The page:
By Brandon Curry

If I were aware of the sacrifices that I would have to make my freshman year, the outcomes would certainly differ.

When learning about cost-benefit analysis in my economics class, an epiphany struck. I had spent my first year in college far more focused on a leisure activity as opposed to refining my fundamental skills in my field of learning.

In order to understand my plight, one must know the cost-benefit analysis concept. Fortunately, the concept is self-evident. For one to make a well-thought-out decision, one must understand that we sacrifice one thing to gain another. This is similar in how we make purchases and trades.

My first year of college was certainly a rough one. My background is one of hard work and grit. In my freshman year I desired to pursue a degree in architecture. I had chosen that path because I spent so much time during my primary schooling years drawing and enjoying art.

During my first year, I was unaware of the amount of unstructured free time would be a problem and that it would cause anxiety. That anxiety had me searching for the familiar, and I found it in my favorite video game: Super Smash Brothers Ultimate. This game was my solace when I had to live alone for my last year of high school.

The game had allowed me to ease my frustrations and allowed me a taste of success, as I could see the results of my efforts. There were noticeable improvements outside of the game, such as an increase in reactionary timing, a deeper attention to detail, as well as the growth in my ability to analyze.

Despite all the positives I could discover with putting in so much time and effort, I had realized I developed a gaming addiction that had caused me to lose sight of the valuable opportunity sitting in front of my face.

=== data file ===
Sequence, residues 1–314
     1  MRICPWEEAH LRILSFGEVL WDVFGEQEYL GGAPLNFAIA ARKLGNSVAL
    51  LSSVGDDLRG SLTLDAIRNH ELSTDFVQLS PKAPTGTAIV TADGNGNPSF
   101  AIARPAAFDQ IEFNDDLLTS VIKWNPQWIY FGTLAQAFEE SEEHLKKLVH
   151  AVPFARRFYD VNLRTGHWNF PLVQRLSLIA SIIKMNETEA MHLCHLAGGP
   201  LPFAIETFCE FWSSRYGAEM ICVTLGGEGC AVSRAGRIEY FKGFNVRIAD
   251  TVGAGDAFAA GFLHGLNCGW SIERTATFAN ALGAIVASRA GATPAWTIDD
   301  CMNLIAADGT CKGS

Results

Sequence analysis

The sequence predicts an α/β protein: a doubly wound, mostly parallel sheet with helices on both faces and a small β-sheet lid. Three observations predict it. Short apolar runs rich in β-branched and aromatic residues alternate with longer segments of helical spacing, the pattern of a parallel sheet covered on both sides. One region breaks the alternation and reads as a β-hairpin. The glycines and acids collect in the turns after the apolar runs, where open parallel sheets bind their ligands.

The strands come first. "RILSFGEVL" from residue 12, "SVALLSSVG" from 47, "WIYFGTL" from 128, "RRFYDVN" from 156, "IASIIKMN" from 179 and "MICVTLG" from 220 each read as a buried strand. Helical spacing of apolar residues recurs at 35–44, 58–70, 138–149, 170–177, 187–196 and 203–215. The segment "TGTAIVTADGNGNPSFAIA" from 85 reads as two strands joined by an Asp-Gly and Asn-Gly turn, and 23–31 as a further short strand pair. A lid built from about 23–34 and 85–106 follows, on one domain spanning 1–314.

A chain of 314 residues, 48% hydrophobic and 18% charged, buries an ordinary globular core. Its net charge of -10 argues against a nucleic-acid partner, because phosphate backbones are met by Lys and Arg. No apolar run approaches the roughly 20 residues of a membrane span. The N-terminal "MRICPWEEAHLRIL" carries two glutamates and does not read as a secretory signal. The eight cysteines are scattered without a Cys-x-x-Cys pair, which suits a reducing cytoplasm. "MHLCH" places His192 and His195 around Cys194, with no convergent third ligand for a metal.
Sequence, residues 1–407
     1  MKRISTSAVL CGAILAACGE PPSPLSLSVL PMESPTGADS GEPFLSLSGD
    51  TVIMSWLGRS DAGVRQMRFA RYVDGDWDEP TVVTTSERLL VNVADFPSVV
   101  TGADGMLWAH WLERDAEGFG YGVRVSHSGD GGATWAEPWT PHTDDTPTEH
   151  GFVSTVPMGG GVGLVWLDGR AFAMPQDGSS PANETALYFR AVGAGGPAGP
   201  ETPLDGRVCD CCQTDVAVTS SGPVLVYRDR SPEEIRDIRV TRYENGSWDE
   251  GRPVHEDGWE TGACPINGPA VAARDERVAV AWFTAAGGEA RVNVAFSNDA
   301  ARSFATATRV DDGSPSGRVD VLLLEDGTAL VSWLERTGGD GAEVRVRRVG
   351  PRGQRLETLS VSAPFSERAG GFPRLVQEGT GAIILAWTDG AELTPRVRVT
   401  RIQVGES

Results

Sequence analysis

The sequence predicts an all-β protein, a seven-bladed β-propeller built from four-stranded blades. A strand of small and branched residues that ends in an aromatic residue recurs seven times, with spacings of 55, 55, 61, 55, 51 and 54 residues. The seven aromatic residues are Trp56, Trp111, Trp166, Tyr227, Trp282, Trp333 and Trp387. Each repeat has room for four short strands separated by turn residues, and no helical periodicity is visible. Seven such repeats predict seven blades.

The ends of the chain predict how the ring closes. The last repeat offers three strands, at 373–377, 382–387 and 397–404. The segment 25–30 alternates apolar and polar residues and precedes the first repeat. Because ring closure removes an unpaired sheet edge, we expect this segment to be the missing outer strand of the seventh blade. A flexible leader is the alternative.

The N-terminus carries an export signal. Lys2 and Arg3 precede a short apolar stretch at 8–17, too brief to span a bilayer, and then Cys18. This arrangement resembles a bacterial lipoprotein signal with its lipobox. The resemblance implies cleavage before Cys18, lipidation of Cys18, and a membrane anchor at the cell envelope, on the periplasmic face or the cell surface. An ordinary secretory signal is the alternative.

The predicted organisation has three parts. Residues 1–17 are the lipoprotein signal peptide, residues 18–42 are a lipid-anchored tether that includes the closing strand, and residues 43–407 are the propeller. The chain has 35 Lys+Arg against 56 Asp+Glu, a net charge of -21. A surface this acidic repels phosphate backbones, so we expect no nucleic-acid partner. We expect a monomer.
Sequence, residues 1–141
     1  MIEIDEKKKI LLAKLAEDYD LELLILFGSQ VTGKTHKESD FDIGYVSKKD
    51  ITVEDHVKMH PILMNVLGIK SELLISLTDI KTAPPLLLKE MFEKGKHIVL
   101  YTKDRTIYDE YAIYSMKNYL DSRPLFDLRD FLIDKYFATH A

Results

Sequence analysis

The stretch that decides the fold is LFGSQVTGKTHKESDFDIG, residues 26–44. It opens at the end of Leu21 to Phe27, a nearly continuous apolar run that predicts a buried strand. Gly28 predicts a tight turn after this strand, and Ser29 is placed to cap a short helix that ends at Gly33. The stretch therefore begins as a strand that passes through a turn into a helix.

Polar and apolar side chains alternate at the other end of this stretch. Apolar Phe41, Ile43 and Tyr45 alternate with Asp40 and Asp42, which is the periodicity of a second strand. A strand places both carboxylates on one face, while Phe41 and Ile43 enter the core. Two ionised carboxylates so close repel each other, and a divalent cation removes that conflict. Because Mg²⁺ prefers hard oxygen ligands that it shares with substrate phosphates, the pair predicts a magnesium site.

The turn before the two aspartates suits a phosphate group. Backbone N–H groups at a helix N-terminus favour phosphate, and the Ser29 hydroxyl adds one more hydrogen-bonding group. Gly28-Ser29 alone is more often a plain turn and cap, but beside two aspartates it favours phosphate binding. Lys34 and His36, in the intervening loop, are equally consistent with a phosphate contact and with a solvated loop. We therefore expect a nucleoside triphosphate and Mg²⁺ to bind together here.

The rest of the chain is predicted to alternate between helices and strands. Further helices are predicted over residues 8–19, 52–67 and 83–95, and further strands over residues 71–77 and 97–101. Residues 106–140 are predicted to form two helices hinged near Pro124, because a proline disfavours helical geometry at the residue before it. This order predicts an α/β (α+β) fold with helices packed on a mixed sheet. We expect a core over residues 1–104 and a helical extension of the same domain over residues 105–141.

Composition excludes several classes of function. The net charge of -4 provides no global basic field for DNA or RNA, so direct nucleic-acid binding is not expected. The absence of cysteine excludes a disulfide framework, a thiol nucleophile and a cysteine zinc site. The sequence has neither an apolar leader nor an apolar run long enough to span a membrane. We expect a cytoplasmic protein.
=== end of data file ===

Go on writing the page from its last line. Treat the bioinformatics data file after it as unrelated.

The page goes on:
This issue has not been a stranger to my fellow college contemporaries, due to the pressure of learning in a Covid environment where you are encouraged to stay in. For me, it led to depression and a disappointment in myself. Yet we cannot allow our mishaps and failures to define us. As for myself, I have chosen to do another cost-benefit analysis on the situation at hand. While doing so, I learned that the university that I go to has its own e-sports Smash Ultimate community.

Within that community there are like-minded students who can enjoy the fun of the game while having advice for dealing with the stressors and costs of college life. If I were to not be so wrapped up in my head, this opportunity could have slipped right through my hands, allowing me to fall back into this interpersonal struggle.

I believe my recent analysis on costs vs benefits has been a fruitful one and I only hope that others could implore such a logical thought process. It’s also been helpful to take responsibility for the problems my choice created, such as not achieving the grade success I could have.

Not achieving good grades can cost me money in the long run – another aspect of cost-benefit analysis.

Curry is a freshman, majoring in journalism, at the University of Missouri.